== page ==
FKT: Alan Chapman - Superior Hiking Trail (MN) - 2023-08-19

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5d 14h 12m 0s

As a native of the Twin Cities, the Arrowhead region of Minnesota has been my sanctuary for most of my life.  This has included trips to the Boundary Waters Canoe Area Wilderness, mellow drives along the North Shore, and section hikes along the Superior Hiking Trail (SHT).  In the last five years, my interest in trail running has taken off, and I’ve enjoyed becoming part of the community and participating in races such as the Voyageur 50 miler, Superior Spring and Fall trail races, and the Arrowhead 135.  I was drawn to attempting this FKT because it was a natural part of my progression up in distance and that it presented a high probability of failure and therefore an opportunity to test my limits.  I went with the unsupported mode for two reasons. First, if I’m going to do something dumb, I might as well do it the dumbest possible way.  And second (with joking aside), I felt it was the purest way to experience the trail, relying only on myself and what the trail allows.  I had the idea that this would be the type of adventure and challenge that would transform me on a cellular level.  I envisioned beginning as a caterpillar, entering my chrysalis, disintegrating into a goo, and being rebuilt one step at a time into a butterfly.  This experience proved to be such a metamorphosis.  Let me tell you about it!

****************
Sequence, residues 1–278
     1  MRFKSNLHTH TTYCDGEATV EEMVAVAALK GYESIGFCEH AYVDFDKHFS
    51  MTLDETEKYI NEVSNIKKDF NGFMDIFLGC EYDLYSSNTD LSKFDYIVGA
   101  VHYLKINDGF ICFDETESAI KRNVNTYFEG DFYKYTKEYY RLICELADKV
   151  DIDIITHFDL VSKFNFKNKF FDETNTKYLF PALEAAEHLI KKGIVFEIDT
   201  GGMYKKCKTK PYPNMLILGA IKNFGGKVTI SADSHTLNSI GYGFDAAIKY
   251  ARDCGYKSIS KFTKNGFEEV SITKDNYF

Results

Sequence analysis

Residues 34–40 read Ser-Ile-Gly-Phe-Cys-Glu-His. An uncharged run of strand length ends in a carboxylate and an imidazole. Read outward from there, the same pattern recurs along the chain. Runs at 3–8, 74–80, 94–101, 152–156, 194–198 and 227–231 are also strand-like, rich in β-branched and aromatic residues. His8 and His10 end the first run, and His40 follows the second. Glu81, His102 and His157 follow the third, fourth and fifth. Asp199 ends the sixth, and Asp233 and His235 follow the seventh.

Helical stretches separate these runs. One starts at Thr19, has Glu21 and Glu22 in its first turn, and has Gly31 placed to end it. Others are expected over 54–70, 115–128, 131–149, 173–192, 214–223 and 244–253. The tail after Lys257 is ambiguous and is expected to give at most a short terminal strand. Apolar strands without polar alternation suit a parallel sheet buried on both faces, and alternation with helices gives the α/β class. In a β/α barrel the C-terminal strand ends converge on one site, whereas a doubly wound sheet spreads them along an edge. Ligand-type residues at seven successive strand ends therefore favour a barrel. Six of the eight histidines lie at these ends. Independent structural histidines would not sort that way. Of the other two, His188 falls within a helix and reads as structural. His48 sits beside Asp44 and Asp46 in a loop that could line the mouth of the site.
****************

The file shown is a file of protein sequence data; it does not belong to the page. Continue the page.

*Day 1: August 14th, 2023.  Northern Terminus (270 degree overlook) to North Bally Creek Pond - 59.7 watch miles (58.5 official trail miles), 8,645’ vertical

Woke up two minutes before my 4 am alarm at the Hungry Hippie Hostel outside of Grand Marais.  My partner Kelly, 12-year-old son Gabriel, and I packed up and headed north on Highway 61 with a sky full of stars.  After a 45-minute drive, we geared up and began the ~1 mile hike from Otter Lake Road to the 270-degree overlook, the Northern Terminus of the SHT.  We arrived at 6 am, in time for a magical sunrise and view across the Pigeon River and into Ontario.  I nervously signed the register, shouldered my 28 lb pack, said goodbye to Kelly and Gabriel, started my watch, and tapped the Northern Terminus sign.  The adventure had begun!